Kyle: Yeah, exactly. It’s my hope people start to think about that stance beyond their own decision as well. It’d be nice to see things like children being incentivized by government programs looked at quite hard. One easy solution to the falling numbers of a nation-state’s population if you take away incentives to have kids is to allow more immigration for people who want to come to a country like the United States. That seems like a “no brainer” to me for a number of reasons. World GDP is estimated to benefit from more migration of human labor than capital and that is no trifling sum.
Being an expat worker for much of my adult life who has moved simply to get a better quality of life, it is easy to understand from my perspective that most people want the same thing. Many families with young children and without would happily move to the developed world to fill the population gap that would be created and bring with them revitalizing ideas and economic growth. It essentially lowers the population at the same time that GDP increases, leading to a massive gain in world GDP per capita.
Anyway, that is getting slightly down a different path, but the point is that the way our states and governments are organized assume that having children is the correct decision for most families. This non-critically established belief may not turn out to be true if some of the points in this dialogue are taken seriously, so the issue to have a child is not just an individual parent’s or parents’ problem, but a state and world problem as well.
In summarizing my viewpoints on this, coming into existence isn’t a benefit to the actual future child, so we are doing them no favors. The parents themselves could be better off through greater life satisfaction due to a sense of congruence that is almost certainly socioculturally created and socialized into us. They will experience less positive affect on average day to day as research shows and could possibly feel greater overall connection in their lives through their relationships with their children, however, that could be at the detriment of more meaningful and deeper adult connection as we looked at earlier. Finally, the world could be better off or not depending on unknown and uncertain variables. I would say the facts point to large, certain benefits to the world if we choose not to have children and also reevaluate certain legal, political, and social pressures, but agree that we could also produce benevolent, impactful, and world changing children if that was indeed our goal as parents and something we legitimately worked hard to achieve.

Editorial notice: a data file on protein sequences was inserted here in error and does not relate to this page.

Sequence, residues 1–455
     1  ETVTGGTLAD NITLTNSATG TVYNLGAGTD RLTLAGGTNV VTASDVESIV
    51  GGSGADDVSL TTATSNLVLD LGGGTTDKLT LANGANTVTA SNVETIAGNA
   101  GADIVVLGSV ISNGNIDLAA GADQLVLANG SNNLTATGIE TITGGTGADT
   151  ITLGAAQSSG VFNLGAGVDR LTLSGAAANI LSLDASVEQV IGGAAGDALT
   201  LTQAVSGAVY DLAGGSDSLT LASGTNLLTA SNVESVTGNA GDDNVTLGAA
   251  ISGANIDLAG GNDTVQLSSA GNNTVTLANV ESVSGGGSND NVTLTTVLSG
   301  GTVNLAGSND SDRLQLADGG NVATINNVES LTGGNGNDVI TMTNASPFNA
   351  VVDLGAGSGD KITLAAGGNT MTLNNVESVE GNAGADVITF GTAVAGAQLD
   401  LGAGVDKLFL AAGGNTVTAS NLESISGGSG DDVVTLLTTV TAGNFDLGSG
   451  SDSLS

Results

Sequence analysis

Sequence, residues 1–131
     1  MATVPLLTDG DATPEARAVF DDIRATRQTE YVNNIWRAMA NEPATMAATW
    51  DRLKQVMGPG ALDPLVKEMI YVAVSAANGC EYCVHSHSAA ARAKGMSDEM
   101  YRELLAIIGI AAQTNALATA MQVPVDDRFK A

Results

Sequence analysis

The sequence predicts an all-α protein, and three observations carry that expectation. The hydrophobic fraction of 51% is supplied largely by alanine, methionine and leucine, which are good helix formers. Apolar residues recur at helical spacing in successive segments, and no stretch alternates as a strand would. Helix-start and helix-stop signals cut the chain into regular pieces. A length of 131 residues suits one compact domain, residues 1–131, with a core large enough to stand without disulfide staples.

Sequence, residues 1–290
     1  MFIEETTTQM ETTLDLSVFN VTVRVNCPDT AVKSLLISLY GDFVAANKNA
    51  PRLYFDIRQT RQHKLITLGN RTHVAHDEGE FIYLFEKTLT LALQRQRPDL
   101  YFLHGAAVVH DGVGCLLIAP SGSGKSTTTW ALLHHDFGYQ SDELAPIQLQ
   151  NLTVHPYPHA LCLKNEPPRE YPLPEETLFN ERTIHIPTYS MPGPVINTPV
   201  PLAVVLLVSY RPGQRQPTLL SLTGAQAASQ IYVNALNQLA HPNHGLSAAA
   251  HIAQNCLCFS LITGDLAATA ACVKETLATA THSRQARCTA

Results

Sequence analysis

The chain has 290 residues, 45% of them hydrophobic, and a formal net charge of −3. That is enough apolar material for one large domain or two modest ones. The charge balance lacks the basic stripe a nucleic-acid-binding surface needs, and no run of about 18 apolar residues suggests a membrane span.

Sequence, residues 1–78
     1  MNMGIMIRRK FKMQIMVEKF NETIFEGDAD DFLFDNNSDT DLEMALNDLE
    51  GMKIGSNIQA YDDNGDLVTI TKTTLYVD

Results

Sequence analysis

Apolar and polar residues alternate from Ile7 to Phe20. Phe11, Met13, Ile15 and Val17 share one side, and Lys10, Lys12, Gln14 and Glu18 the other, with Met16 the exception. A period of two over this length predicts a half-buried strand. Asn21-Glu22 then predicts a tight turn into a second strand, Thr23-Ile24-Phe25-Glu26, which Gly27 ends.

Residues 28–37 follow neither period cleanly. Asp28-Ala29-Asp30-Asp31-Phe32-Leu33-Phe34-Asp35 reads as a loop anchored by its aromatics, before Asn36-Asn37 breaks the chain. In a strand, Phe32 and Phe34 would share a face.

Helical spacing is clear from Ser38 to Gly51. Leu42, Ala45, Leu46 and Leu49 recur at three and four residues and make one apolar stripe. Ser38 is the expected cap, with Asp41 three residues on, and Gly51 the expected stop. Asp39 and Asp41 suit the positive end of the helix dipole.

Anything you want to add or summarize in closing?
Rebecca: Your summary provides an accurate picture of my thoughts, as well. The take-home message from this conversation for me has been the importance of truly evaluating our goals and the ways we try to achieve them, especially when deciding to bring another person into this world (or not). I hope that we begin to see a lot more authentic thinking, communication, and dialogue within society about such an important decision as we work towards developing a better, more peaceful world.
The Age of Sustainable Development
Better Never to Have Been
Doing Good Better
Grit and Authenticity
Money, marriage, kids
Practical steps for self-care
A Primer in Positive Psychology
The Psychology of Desire
Thanks for reading. If you found it helpful in deciding to have children of your own (or not), please do leave a comment below and consider purchasing the Kindle version for $2.99 to show support.
Done is often better than perfect.
At any given time in our lives, we have one or two things that would be the most effective use of our time and abilities. Of course, this is always relative to our goals and desires. In order to be doing our “best”, we need to have a goal in mind first.
This is extremely important to understand in achievement oriented spheres of life like school and work. For example, as teacher, the most important thing to focus on, generally speaking, is the teaching and learning provided to students. I’m still not entirely sure why teaching gets lumped in there, as student learning is probably sufficient.
This means that any of the work we do as teachers is by its nature “most effective” when helping students to learn. Other work is acting less effectively.
Within any day, we have about eight hours at work and about 16 hours of waking time. We can use that to do our “best” work relative to helping students learn more or better, either now or in the future. Work that doesn’t meet this aim is not our best work.
If you follow to this point and agree, then all we have to do is apply the economics idea of opportunity cost. This says that as we expend our energies on one thing, by default we cannot spend those same energies on another thing. This is very important to understand.